- Email Tools. Programs that can help you manage email more effectively and measure open rates, clicks, and conversions for various email lists. One popular example would be MailChimp.
If you have experience with these tools (or tools that are similar), be sure to add it to your marketing skills resume. Employers want new hires who know how to use the tools they love.
8. Video Production
There has been a huge upsurge recently with video production. Brands are recognizing that video is a very engaging and compelling form of content that can be used to a company’s advantage.
Any experience in video production, editing, and even video animation is highly coveted. Best of all, you can brush up on some of these skills yourself if you’ve got a bit of spare time. Set up your own YouTube channel and get filming!
9. Paid Social Media Advertising
In an age when you can pay for likes and promote your Twitter posts, competition is heating up in the social arena, and businesses know that working with paid opportunities is the best (and quickest) way to get ahead. They need experts in paid social advertising – and their need is your opportunity!
How do you get these skills? Experiment with your own paid social media campaigns. If you have your own blog or website, use them as social advertising guinea pigs (although you’ll have to deal with the smell). You can start mini-campaigns for relatively cheap, and it will get you familiar with all the ins and outs of paid social advertising. This experience looks stellar on your marketing skills list.
10. UX Design
User experience design (UXD or UED) is another one of those fast-growing fields where employees are constantly in demand. Businesses know that their product needs to be smooth and streamlined, and they are chomping at the bit for skilled UX designers who can help create an intuitive, natural product experience for users.
Whether for apps, software, or site design, UX is X marks the spot on your search for prime marketing skills!
11. Data Science
Businesses are beginning to get freaked out by how much data they have at their disposal. From conversion tracking cookies, social media responses, and video views to GPS data and app activity, the sheer quantity of big data companies have access to is mind-boggling.
That’s where you come in – the data analysis expert who can help sort, organize, and, most importantly, extract meaning and actionable insights from these huge data landfills. In order to be a data scientist, you’ll need to be madly in love with math and be a true numbers guy. If you’ve got the goods, you can be sure businesses will be knocking at your door (or even breaking it down).
12. Data Visualization
Going hand in hand with the statistical analysis crew, brands also want to be able to share some of their data insights with their key target audiences.
However, most of us don’t perk up at the thought of combing through spreadsheets for that eureka moment. That’s where data visualizers come in – they help reformat valuable, insightful data into visual graphs, charts, and graphics that make those numbers easier to digest. Data visualizers are utilized to create powerful, data-driven content that is appealing to users (infographics are a prime example). Data visualization mastery is in high demand, so be sure to detail your knowledge on your marketing skills resume.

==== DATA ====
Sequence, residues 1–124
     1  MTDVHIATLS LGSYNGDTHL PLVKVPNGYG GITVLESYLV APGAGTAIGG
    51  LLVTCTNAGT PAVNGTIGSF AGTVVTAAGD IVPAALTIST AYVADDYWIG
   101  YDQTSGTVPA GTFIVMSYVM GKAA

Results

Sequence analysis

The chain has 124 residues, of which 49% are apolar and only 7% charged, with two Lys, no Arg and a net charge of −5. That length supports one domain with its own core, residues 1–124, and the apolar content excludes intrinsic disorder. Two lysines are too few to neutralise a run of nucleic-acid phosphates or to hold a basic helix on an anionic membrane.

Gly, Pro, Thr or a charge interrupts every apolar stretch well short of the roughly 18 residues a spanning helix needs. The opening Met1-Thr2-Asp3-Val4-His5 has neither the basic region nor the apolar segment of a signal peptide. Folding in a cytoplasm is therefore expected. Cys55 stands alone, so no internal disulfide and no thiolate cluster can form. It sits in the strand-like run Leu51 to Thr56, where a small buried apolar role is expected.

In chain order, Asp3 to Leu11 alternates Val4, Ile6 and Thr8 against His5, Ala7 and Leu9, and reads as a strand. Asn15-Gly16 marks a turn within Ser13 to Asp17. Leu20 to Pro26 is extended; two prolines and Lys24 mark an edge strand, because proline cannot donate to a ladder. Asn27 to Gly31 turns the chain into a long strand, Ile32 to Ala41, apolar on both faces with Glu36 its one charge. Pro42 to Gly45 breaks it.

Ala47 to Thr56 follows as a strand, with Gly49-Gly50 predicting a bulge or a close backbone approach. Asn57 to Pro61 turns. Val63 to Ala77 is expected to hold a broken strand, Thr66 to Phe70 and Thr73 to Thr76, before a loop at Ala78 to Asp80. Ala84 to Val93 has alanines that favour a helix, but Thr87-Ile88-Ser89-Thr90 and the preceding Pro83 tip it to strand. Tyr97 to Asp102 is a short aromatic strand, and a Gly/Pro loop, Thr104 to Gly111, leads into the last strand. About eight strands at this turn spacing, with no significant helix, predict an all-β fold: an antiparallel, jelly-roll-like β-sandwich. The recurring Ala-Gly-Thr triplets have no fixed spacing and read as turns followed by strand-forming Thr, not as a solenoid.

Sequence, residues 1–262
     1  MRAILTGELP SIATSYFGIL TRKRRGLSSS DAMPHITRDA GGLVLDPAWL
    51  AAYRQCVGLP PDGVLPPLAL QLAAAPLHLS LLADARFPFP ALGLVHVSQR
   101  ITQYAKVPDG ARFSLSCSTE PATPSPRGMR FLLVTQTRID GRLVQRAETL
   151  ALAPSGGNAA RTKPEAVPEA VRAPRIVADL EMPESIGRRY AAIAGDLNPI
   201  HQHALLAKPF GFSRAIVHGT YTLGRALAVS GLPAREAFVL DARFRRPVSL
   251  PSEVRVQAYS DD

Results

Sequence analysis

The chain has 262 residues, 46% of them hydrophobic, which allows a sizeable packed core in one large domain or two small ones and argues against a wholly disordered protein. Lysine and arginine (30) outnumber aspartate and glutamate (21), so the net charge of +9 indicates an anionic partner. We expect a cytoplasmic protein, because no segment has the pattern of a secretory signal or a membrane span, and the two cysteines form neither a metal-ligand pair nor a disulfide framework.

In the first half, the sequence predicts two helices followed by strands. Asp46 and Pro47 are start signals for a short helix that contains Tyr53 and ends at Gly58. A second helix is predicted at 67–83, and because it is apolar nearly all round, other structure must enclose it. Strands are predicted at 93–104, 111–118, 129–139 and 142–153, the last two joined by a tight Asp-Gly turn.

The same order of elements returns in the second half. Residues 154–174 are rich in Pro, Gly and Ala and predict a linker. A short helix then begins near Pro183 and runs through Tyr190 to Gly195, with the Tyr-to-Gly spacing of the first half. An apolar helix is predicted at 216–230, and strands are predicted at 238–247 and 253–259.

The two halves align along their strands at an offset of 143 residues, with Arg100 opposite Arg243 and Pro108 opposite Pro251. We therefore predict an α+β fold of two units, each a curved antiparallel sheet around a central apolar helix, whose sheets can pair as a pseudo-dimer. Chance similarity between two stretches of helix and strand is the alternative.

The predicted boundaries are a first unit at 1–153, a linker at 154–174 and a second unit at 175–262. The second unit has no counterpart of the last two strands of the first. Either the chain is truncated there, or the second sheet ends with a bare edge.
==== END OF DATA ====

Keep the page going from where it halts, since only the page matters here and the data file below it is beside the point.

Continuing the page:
13. HTML, CSS, and Other Coding Languages
Knowing some basic coding has always been valuable, but today you’ll get a big bonus as a marketer with a little coding skill. Engineers and coders are valuable commodities, and they won’t gladly be spared to fix the padding on your tables and align your text properly.
Proving you know at least some very basic HTML and CSS skills shows that you can self-correct your own hiccups with a bit of finagling. If you’re beyond the basics, even better!
14. Consumer Behaviorist
Brands realize that individuals make purchasing decisions based off of their feelings and emotional cues. It’s why advertisements like the Budweiser Super Bowl puppy ads are so successful.
As businesses seek to amp up the emotional storytelling and strengthen consumer bonds to brands, they want experts who understand consumer behavior and can help figure out what makes their key audiences tick.
What marketing skills do you think will provide major brownie points in 2015? If you’re an employer, what skills are you looking for in a new hire?
Here’s a summary of the top 14 marketing skills we think you should add to your resume:
- Content marketing skills
- Content management system (CMS) experience
- Customer relationship management (CRM) skills
- Mobile marketing skills
- Lead nurturing skills
- Email marketing skills
- Experience with a host of marketing tools
- Video production and editing skills
- Social media advertising skills
- UX design
- Data science
- Data visualization
- Coding skills
- Consumer behavior insights
This article was originally posted on WordStream.